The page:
A landmark study released in 2004 detailed the problem in depressing detail, and a follow-up report in 2006 found insufficient progress. The title of the just-released update sums up the current state of the Legislature: "Still Broken."
I'm working on a story for the print edition that will run later in the week, but wanted to share a couple of the "lowlights" in the meantime. The report's authors said changes enacted over the the past four years were "a good start" but were "by no means transformative."
Continued the report:
The Legislature failed to adopt a comprehensive set of new rules that incorporated the Brennan Center’s recommendations for making the legislative process more robust and democratic. Of the changes that the legislature did adopt, some, quite cynically, codified the status quo in new ways. The continued presence of these rules stifles rigorous deliberation and debate and hobbles the sincere efforts of a number of rank-and-file legislators to represent the best interests of their constituents and the state as a whole.
In 2006 and 2007, most standing committees met infrequently or not at all. There were almost no hearings on major legislation. Not a single major bill was the subject of a detailed committee report. Leadership maintained near total control over what bills reached the floor. And on the floor, there was little substantive debate; every bill brought to the floor for a vote in either chamber passed.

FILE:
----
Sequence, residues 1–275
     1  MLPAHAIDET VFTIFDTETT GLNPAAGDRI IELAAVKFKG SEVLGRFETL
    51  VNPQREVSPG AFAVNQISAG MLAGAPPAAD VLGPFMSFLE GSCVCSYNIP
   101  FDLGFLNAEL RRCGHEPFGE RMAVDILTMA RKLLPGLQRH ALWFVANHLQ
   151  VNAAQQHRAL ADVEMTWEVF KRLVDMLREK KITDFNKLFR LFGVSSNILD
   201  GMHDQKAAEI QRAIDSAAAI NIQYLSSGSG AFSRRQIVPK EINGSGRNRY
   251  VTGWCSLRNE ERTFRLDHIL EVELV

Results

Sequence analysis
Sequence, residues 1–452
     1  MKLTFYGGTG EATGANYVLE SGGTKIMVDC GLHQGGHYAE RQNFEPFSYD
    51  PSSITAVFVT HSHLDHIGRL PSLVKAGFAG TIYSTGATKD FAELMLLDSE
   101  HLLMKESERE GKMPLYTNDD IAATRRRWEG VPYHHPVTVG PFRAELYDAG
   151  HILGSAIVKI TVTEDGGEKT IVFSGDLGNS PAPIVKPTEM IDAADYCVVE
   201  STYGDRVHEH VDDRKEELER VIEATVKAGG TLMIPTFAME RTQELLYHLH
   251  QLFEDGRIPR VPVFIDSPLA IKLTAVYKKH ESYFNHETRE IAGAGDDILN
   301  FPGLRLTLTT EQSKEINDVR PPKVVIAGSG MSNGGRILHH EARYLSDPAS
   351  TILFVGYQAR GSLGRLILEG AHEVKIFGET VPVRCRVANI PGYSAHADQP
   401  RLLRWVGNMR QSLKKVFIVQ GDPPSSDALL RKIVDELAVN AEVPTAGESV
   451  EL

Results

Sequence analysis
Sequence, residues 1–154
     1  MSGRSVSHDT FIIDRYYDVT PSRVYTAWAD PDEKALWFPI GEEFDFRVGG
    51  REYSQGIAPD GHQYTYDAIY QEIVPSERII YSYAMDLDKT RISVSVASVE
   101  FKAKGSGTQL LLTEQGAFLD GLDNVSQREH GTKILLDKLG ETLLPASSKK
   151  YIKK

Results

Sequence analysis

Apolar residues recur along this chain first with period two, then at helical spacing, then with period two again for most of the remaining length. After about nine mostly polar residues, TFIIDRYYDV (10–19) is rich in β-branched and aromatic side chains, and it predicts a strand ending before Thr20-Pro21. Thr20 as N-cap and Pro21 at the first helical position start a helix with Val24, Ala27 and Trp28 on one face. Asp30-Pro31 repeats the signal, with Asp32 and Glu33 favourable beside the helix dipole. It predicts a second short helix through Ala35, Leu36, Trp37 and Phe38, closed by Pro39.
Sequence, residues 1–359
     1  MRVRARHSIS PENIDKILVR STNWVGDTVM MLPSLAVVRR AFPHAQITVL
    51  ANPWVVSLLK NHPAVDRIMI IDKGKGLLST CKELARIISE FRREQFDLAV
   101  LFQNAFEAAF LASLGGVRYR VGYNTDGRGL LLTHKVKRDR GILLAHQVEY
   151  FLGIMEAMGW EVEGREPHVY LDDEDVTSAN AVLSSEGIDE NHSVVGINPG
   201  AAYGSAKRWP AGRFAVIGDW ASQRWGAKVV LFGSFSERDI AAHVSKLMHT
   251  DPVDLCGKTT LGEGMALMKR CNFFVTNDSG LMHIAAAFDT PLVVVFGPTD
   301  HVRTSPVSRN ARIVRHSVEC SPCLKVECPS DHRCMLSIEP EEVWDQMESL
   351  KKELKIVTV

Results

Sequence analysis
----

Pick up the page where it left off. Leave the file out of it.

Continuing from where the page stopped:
The Brennan report is loaded with outrageous examples of how the Legislature conducts its business. Here is maybe the best whopper.
The Senate Ethics Committee, which was noted in the 2006 Report for not meeting at all in 2005 or 2006, hasn’t held a meeting—on major legislation or otherwise—during the period covered in this report and in 2008. In fact, the Senate’s ethics committee has not met in over a decade, while the Assembly’s committee has met infrequently over that same period. Despite this fact, the two ethics committee chairs each earn an extra $12,500 annually for their titles.
The chairman of the Senate Ethics Committee, by the way, is Andrew Lanza, a Republican representing Staten Island. The chairman of the Assembly Ethics Committee is William Magnarelli, a Democrat who represents portions of Onondaga and Oswego counties north and south of Syracuse.
Stay tuned. More to come, in print and here on this blog.